Lisa and Brian Thompson—both college-educated parents—pay close attention to their 20-month-old son Matthew’s development.
So when Infoture Inc., a Colorado-based research company, asked families to test a product that measures how much talking goes on between parents and children from birth to age 3, with the idea that the chattiest families have the most successful kids, the couple signed up.
Twice a week, the Thompsons slip a small purple gadget, about the size of an MP3 player, into a pocket in Matthew’s overalls and allow it to record every word he hears or says for up to 16 hours a day.
Software program tries to increase the amount you talk to your baby
The software-based system, called LENA (Language Environment Analysis), also captures the number of times Matthew initiates a conversation or responds to comments from his parents, while weeding out background television sounds or a sibling nearby.
Plugged into a laptop, the device then gives the Thompsons—and 144 other pilot parents in the US and UK— monthly, daily or hourly counts of words spoken, and how those counts compare with the average LENA child and the children of college-educated parents. Those children typically hear 21,000 to 30,000 words a day, said Jill Gilkerson, language research director at Infoture.
“I do think it forces us to speak more or interact with him more,” said Lisa Thompson, a real estate agent who said she underestimated how much they actually talked to Matthew. “If we have a day where, instead of 22,000 words, we’re down to 18,000 words, it’s like, ‘Oh, shoot. We’re slipping.’”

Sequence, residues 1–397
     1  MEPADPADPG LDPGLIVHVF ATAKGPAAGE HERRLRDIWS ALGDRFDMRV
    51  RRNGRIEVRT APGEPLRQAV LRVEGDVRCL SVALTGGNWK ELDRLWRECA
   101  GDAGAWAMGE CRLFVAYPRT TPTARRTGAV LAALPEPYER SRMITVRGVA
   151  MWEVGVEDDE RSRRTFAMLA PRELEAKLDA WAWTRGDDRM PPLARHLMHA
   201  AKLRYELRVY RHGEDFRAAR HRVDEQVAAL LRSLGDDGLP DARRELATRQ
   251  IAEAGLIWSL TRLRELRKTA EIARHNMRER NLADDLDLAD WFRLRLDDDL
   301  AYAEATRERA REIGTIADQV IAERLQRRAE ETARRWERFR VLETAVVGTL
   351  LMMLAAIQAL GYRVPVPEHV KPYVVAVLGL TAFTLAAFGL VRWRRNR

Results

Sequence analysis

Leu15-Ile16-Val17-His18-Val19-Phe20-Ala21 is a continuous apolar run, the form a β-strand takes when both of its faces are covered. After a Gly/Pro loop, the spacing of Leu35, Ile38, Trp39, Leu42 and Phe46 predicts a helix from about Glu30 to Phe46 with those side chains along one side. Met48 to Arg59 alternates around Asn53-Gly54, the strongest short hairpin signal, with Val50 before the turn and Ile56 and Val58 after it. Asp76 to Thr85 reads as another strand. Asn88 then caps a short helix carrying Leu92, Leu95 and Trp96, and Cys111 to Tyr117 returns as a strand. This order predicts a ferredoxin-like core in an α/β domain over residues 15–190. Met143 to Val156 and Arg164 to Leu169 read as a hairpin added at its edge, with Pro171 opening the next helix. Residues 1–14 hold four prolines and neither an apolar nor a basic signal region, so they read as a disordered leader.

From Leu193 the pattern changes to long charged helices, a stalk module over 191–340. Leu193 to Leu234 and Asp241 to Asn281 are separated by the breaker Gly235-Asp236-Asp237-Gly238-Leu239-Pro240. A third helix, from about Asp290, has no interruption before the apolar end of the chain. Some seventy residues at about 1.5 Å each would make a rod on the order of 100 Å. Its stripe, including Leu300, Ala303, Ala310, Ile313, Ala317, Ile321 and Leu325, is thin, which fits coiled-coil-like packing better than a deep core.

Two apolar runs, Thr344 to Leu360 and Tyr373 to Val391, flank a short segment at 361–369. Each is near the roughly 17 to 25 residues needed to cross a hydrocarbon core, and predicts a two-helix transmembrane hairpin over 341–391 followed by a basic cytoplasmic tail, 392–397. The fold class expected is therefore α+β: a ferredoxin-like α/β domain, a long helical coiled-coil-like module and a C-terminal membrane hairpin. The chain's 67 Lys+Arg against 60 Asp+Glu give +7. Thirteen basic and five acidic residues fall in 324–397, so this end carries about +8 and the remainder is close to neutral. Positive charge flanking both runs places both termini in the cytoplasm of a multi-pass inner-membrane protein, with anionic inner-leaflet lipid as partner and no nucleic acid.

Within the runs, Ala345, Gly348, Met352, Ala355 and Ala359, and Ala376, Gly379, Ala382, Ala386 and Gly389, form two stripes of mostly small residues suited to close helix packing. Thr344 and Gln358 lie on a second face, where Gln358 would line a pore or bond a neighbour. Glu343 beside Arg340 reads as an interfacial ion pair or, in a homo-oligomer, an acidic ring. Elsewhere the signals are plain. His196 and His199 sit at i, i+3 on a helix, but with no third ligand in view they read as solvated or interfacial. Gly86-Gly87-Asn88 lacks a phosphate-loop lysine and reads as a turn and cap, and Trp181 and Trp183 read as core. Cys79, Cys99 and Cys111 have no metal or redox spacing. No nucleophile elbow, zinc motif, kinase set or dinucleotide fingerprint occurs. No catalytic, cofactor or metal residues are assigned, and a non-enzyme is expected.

The product has been on the market for about two months and sells for $399 (about Rs16,000), which includes the monitoring device, two outfits with a pocket to hold the device, software and a stuffed elephant toy. Infoture officials said few sales have been recorded so far.
The LENA system has not yet been reviewed by independent researchers. No studies exist showing the program’s long-term results on children.
Infoture spent $16 million supplied by company founders Terrance and Judi Paul to develop the product over three years, said Mia Moe, marketing director for Infoture and daughter of the Pauls.
Terrance Paul said they were inspired to create LENA after reading the book, Meaningful Differences in the Everyday Experience of American Children, published in 1995 and based on a University of Kansas study by Todd Risley and Betty Hart.
That study found that children who heard more words before age 3 were more successful later in life than those who were seldom spoken to—regardless of their parents’ education level or the complexity of the words.
The key was the talking that occurred from birth to age 3, Risley said.
By the time some children started preschool, they had already heard 33 million words, compared to others who had heard 10 million, the research found.
“Those differences add up to massive advantages or disadvantages for children...long before they start preschool,” Risley said.
Terrance Paul said Infoture set out to create a device that would allow parents to “see” their child’s language environment and, by seeing it, improve it “through those critical first three years.”
Gilkerson said the types of words recorded by LENA don’t matter. “You don’t have to talk about the theory of relativity, just talk about what you’re seeing if you’re at the grocery store or if you’re doing laundry.”
A March study found that parents increased their word count 35% after getting feedback on LENA, compared with when they used the product and didn’t get feedback.
The New York Times. Write to firstname.lastname@example.org